Aurora Christian grad Beebe makes his 1st NFL TD especially memorable
• First of two parts
If anyone isn't going to give up when all hope looks lost, it's Chad Beebe.
Now 26, the third-year NFL wide receiver has overcome serious injuries his last three years at Aurora Christian, five seasons at Northern Illinois University and first two with the Minnesota Vikings.
All hope certainly looked lost again last Sunday against Carolina. But if there's anything we should have learned by now about Beebe, it's that he doesn't give up, and he doesn't lose his faith.
With Minnesota trailing 24-21 and 2:23 remaining, Beebe went to field a punt.
He called a fair catch but bobbled the ball. Carolina recovered at the Vikings' 14-yard line. It sure seemed like game over.
"It's one of the situations where I do not want to go to the sidelines right now," Beebe said. "I called a little bit of a late fair catch, trying to be too aggressive, and took my eyes off for a split second and that's all it takes.
"Human nature was to be disappointed, I didn't do my job. At the same time you have to have a short-term memory. Everything happens fast and there's always going to be another opportunity."
Between Minnesota using a timeout, the two-minute warning, and the Panthers throwing an incomplete pass, Beebe did get another opportunity.
After the Panthers kicked a 21-yard field goal to go up 27-21, Beebe made a pair of catches as the Vikings drove down the field. With 46 seconds to play, he got a step on his man on a seam route, and Kirk Cousins found him for a 10-yard game-winner.
It was Beebe's first NFL touchdown and capped a game when he caught all 7 passes thrown his way for 63 yards -- matching his total catches going into the game.
It also took him from the lowest of lows to the highest of highs in about five minutes.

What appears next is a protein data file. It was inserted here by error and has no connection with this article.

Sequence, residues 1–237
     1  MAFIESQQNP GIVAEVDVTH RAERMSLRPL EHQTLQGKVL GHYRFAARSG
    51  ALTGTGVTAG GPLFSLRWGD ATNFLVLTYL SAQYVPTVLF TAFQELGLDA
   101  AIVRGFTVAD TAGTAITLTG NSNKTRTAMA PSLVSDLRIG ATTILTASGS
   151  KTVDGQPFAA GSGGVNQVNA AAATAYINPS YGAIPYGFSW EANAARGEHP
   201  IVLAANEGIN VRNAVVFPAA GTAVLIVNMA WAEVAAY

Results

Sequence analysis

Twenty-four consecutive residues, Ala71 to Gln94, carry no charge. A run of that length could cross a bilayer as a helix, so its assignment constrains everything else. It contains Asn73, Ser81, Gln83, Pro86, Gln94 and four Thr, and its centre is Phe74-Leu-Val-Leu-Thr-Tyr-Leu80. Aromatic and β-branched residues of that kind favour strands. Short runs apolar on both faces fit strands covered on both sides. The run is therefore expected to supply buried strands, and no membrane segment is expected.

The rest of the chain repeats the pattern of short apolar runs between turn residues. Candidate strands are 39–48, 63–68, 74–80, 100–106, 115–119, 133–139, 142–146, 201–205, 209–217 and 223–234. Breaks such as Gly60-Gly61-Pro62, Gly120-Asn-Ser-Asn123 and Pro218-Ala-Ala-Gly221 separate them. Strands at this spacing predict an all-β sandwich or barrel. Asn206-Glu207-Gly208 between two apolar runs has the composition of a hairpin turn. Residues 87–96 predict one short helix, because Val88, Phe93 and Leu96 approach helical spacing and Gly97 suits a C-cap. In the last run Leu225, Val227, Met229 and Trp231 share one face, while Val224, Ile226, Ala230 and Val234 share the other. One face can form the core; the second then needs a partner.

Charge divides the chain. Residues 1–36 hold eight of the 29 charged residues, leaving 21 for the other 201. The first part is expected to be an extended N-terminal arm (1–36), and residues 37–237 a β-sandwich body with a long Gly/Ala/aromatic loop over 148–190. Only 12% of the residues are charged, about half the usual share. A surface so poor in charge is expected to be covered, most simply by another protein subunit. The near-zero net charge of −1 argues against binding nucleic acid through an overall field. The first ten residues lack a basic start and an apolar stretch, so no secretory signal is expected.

"Just a flood of emotions," he said. "Short-term memory and knowing there's some hope, trying to make better on what seemingly was going to lose us the game.
"Pure excitement, joy and thankfulness. I was just super blessed I was given this opportunity. I remember thinking I am going to jump up and bear hug this ball because I'm not going to drop this ball."
Cheering from home
There was plenty of emotion at his parents' house in Aurora where Don and Diana and sister Kaitlyn watched.
Don Beebe, a former NFL wide receiver who caught 219 passes and played in 6 Super Bowls in nine years, is head coach at Aurora University.
The same highs and lows Chad felt scoring the game-winner after dropping the punt, the Beebe family shared.
"When he dropped it, I'm not a real emotional guy, but I was devastated for him," Don said. "I was just hoping, don't let this be the way they lose. Then I started praying letting him have an opportunity to make it up this game. Sure enough they got the ball back and let's make some plays.
"As I sat on that couch his whole career flashed in front of my eyes in three minutes."
So much adversity
Chad Beebe's bad luck began his sophomore year in high school when he broke his foot. He broke his collarbone before his junior year started, came back midway though the year, then broke it again the week before the state championship game. As a senior Chad broke his arm.